Section Image: Cynt Marshall and Hettie Richardson on the stage in the BLUU ballroom

Cynt Marshall was a Maverick Even Before Becoming the CEO of Dallas’s Professional Basketball Organization

Marshall, CEO for the Dallas Mavericks, inspires through her personal story of resilience, and inclusiveness as a leader and pioneer who has been the first Black woman in multiple roles throughout her life.

February 22, 2023

By Miya Hillesland

Values are not just posters on the wall. They must also operate in the halls, said Cynt Marshall, CEO of the Dallas Mavericks while speaking to a packed crowd on TCU’s campus. Marshall’s mindset represents the way purpose is incorporated into her own day-to-day operations.

Marshall was the featured guest for the TCU Neeley School of Business of School’s most recent Tandy Executive Speaker Series (TESS), where members of the North Texas business community regularly come together for thought leadership and networking.  Marshall has a proven history of transforming the culture of an organization using transparency and trust. 

Hettie Richardson and Cynt Marshall on the platform laughing

Hettie Richardson, TCU Neeley’s interim dean, led the energetic one-hour event by guiding Marshall through the discussion of lessons learned through failures, personal triumphs and the importance of putting people first. 

“As we recognize Black History Month, I think it’s important to look to leaders like Cynt Marshall who continue breaking down new barriers and continue to make history,” said Richardson. “Her personal story of overcoming adversity and her own determination to be the change she wants to see are inspirations to all of us.”

Marshall has been a pioneer at multiple points in her life. In her current role, she became the first black female CEO in the National Basketball Association (NBA) and turned the Dallas Mavericks into the standard setter when it comes to diversity, equity and inclusion. 

Marshall was also the first black cheerleader at the University of California at Berkeley. 

“I just know I can’t be the last. I can be the first, but not the last,” Marshall said. “I have to do a great job so people think it’s not strange to be first. They will know that black women are capable of being great leaders and doing the job that I’m doing.”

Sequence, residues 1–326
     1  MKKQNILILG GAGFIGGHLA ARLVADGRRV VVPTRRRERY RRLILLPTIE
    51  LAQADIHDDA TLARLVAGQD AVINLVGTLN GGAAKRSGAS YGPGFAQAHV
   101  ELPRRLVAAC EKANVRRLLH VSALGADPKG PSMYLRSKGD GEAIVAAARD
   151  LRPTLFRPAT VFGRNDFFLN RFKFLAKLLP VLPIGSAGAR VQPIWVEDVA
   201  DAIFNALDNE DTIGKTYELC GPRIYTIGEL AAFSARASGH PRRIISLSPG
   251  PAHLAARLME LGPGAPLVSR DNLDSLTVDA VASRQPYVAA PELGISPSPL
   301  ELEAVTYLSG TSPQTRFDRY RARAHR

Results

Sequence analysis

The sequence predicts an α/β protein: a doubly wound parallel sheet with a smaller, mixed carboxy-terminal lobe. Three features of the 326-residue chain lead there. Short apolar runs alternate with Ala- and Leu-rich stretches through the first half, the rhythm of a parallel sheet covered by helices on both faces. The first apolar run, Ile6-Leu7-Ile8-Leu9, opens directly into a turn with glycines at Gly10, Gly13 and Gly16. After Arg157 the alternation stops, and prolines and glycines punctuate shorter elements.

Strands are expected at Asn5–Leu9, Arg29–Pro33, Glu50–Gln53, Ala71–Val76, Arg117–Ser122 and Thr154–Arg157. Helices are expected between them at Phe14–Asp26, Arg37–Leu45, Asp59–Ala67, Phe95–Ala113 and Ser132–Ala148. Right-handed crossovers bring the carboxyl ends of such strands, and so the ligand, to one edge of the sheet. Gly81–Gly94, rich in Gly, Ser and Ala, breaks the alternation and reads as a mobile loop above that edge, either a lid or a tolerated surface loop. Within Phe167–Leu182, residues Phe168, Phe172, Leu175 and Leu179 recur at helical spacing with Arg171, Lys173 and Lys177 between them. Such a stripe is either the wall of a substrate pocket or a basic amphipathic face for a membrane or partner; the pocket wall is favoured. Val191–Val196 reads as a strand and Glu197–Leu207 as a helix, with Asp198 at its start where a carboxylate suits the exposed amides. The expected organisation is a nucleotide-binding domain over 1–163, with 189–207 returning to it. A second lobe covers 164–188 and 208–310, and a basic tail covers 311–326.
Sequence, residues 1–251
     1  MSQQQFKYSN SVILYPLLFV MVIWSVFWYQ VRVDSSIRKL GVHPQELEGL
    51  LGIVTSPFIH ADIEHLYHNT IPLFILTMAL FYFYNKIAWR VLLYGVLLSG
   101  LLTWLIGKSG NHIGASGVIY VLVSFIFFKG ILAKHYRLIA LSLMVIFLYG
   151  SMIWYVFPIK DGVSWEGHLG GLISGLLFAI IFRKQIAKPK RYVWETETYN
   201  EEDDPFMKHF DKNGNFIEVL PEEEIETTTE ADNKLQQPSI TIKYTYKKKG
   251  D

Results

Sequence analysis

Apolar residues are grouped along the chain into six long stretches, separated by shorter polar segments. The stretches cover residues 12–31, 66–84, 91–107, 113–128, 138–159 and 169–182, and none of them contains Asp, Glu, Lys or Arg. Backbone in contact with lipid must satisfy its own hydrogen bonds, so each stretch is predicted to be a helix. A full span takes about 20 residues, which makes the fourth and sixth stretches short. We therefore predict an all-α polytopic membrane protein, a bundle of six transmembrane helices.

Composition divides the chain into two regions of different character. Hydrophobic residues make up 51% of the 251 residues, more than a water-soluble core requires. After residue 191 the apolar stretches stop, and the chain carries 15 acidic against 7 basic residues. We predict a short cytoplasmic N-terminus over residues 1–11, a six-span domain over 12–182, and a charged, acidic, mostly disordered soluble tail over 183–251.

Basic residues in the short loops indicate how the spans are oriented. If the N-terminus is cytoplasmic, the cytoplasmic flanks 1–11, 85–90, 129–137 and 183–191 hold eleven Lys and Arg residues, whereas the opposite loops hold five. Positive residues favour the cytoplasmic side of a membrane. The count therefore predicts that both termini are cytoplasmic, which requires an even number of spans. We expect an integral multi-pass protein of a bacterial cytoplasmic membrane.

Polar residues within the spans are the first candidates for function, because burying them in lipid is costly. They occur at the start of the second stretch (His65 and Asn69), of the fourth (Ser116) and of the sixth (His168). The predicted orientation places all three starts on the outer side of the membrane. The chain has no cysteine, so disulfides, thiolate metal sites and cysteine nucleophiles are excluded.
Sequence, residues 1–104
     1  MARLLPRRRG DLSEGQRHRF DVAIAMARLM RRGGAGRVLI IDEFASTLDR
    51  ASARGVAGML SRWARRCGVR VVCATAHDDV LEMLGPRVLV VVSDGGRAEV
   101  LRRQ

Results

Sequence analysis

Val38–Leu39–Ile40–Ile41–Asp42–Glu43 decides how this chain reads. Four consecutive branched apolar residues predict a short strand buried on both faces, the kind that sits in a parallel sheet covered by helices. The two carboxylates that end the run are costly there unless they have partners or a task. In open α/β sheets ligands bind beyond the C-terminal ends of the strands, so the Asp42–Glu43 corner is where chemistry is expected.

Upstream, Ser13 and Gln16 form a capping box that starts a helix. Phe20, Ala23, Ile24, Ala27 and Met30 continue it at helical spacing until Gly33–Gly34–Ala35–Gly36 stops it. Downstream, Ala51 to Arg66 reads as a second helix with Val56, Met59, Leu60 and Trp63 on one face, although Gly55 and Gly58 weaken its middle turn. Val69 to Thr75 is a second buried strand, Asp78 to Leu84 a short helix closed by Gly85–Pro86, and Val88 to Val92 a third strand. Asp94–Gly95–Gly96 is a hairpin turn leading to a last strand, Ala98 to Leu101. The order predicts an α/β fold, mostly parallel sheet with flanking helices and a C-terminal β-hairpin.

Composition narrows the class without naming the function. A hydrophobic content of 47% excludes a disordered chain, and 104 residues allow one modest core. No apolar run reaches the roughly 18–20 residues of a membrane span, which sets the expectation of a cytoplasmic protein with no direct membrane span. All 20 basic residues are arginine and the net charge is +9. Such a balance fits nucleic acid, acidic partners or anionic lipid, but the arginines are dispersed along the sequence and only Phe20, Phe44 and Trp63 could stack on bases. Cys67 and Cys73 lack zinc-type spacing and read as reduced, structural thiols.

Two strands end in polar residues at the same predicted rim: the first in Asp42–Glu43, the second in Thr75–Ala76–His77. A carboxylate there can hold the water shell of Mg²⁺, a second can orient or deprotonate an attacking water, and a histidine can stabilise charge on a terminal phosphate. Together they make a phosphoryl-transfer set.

She emphasized the importance of establishing a positive culture in the workforce and Marshall stressed that it starts with treating people well. But the emphasis can’t be so focused on relationship-building, that the essential responsibilities of the job are neglected. 

Cynt Marshall talks with attendees of the TESS breakfast.

“As a leader or CEO there’s a whole job that needs to get done, you can’t just pick the parts you like or the parts you're good at,” Marshall said.

Andrew Holden, a TCU Neeley first-year studying finance and accounting, was deeply motivated and inspired by Marshall’s words.

“As a finance and accounting major you really get held up in the numbers, so to come here and hear the holistic side of the leadership experience knowing the three pillars of leadership, listening, learning and loving, is so refreshing,” Holden said.

Marshall encouraged the TESS attendees to remember that we all have a role to play, and it can be as simple as picking one task each day that is focused on helping someone or choosing to stand up for a person who needs support. 

“Be a part of someone’s village. We truly do all of this together,” said Marshall. “Every piece of adversity I have ever faced in my life, there was some hand that pulled me up and got me through it. I ask you to be that hand.”

Group of leaders pose with Cynt Marshall